More Than Just Jobs

Workforce Development in a Skills-Based Economy

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"Job placement” has been the traditional goal of labour and employment policies, but this report argues otherwise. To stay competitive in a globalised economy, governments must also strive to enhance the skills of workers, increase their productivity and provide upward mobility to immigrants and the disadvantaged. This report provides valuable insights into how labour policies can be expanded to meet economic development and social cohesion goals, while also reconciling national and local concerns.   Studies from seven OECD countries are presented (Australia, France, Germany, Japan, Korea, the United Kingdom and the United States), each analysing attempts to expand workforce development policies and bridge the gap between national and local initiatives. Included are various types of government/private sector partnerships in the United States, regional training in France and Australia’s efforts to customise policies to local needs. Based on the country studies, the report then makes specific recommendations and suggestions on how workforce development policies can be expanded and improved.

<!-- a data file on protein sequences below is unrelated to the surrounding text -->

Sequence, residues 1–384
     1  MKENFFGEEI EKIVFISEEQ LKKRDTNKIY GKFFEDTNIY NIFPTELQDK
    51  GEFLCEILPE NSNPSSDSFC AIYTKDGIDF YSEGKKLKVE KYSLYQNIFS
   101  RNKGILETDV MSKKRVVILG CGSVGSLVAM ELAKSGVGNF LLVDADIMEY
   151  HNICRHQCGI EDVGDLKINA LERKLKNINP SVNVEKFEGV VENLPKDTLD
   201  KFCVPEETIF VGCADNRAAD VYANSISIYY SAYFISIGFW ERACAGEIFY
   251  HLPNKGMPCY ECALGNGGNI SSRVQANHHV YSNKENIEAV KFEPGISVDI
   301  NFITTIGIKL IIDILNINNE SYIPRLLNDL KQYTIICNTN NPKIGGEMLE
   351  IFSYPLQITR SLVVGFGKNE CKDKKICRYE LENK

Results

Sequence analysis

The United States: How Partnerships Can Overcome Policy Gaps

Partnerships are constantly evolving as they try to position themselves to meet the changing needs of businesses and workers in order to generate or retain jobs for their constituents. They can be powerful catalysts for improving workforce development and economic development programmes. In the United States, partnerships are formed vertically among the various levels of government and horizontally among government agencies and nongovernment entities. As a result, they devolve more responsibility for the design and provision of workforce services from central governments to local organisations, which can lead to service delivery systems that are more responsive. This chapter identifies key criteria for developing successful partnerships, and offers several examples in the United States that highlight the lessons learned and the challenges encountered.


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